HIV Injection Treatment
< 1 min read

An injection every four to eight weeks could replace current HIV treatments by 2020 according to the worldwide chairman of pharmaceuticals at Johnson & Johnson.

The injection which is a combination of two long-acting HIV medicines (rilpivirine and cabotegravir) injected every four to eight weeks have proven to been just as effective at suppressing the AIDS-causing virus as the current daily oral regimen of three HIV medicines in phase 2 clinical trials.

The clinical trials have shown that at week 32, the viral suppression rates for patients dosed via injection, every eight or four weeks were 95% and 94% respectively. While comparatively the suppression rates for patients who continued with the current three-drug oral regimen showed a viral suppression rate of 91%.


MD chief scientific officer and worldwide chairman pharmaceuticals at Johnson & Johnson, Paul Stoffels says that if these results can be replicated in larger final-stage clinical trials, the “transformational” new, more simple treatment could be available by 2020.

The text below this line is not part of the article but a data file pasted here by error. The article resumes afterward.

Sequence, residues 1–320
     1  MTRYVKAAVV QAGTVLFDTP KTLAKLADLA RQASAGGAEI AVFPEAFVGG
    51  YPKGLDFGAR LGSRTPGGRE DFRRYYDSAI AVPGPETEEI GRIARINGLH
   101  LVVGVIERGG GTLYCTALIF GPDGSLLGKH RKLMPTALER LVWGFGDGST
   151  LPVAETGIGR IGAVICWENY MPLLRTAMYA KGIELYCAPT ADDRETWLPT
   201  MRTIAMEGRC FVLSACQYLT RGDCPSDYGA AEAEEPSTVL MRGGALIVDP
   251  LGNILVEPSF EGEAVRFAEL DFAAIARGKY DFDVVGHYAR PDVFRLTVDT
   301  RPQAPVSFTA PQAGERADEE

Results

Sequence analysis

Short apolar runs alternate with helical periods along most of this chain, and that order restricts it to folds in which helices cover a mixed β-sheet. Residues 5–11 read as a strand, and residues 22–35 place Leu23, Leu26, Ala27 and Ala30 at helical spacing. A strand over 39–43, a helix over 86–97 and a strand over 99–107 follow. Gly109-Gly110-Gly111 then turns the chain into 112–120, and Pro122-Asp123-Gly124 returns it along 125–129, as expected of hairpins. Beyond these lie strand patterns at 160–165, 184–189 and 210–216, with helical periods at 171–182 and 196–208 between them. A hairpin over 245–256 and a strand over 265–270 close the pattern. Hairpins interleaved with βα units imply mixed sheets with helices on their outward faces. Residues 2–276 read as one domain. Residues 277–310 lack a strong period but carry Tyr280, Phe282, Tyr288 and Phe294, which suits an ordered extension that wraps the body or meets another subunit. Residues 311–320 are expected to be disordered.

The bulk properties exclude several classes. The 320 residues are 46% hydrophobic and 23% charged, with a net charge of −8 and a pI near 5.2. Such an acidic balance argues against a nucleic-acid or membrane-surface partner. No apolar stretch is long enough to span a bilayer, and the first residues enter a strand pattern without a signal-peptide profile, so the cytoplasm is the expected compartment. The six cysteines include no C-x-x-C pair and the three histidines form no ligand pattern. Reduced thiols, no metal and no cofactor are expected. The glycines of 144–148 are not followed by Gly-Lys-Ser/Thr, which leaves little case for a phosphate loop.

“Despite great progress in HIV treatments, the burden of treating HIV patients remains high. Long-acting injectable drug formulations may offer another option for HIV maintenance therapy,” explained Stoffels.

“Our hope in studying such combinations is to make HIV infection manageable with a potentially transformational all injectable regimen.”

Provided the new treatment can be successfully developed and is approved by regulators, people living with HIV who are virologically suppressed could be offered an alternative option and greater choice in their treatments in the future.

Paul Stoffels
Paul Stoffels, MD chief scientific officer and worldwide chairman pharmaceuticals at Johnson & Johnson

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